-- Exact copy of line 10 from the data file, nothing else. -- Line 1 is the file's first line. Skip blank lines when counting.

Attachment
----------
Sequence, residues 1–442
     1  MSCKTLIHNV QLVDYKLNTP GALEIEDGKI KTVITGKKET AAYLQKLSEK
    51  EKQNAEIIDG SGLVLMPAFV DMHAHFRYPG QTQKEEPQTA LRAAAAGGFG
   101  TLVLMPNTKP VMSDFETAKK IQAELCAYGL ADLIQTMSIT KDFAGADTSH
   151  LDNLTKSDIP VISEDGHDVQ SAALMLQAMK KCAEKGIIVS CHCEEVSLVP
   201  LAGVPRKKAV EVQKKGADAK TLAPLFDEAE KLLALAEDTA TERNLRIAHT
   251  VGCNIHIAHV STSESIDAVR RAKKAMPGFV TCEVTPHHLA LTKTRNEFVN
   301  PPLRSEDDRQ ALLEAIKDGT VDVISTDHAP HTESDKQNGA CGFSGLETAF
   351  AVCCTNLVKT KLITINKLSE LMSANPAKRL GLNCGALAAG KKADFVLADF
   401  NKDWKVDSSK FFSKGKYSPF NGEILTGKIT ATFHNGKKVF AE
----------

   401  NKDWKVDSSK FFSKGKYSPF NGEILTGKIT ATFHNGKKVF AE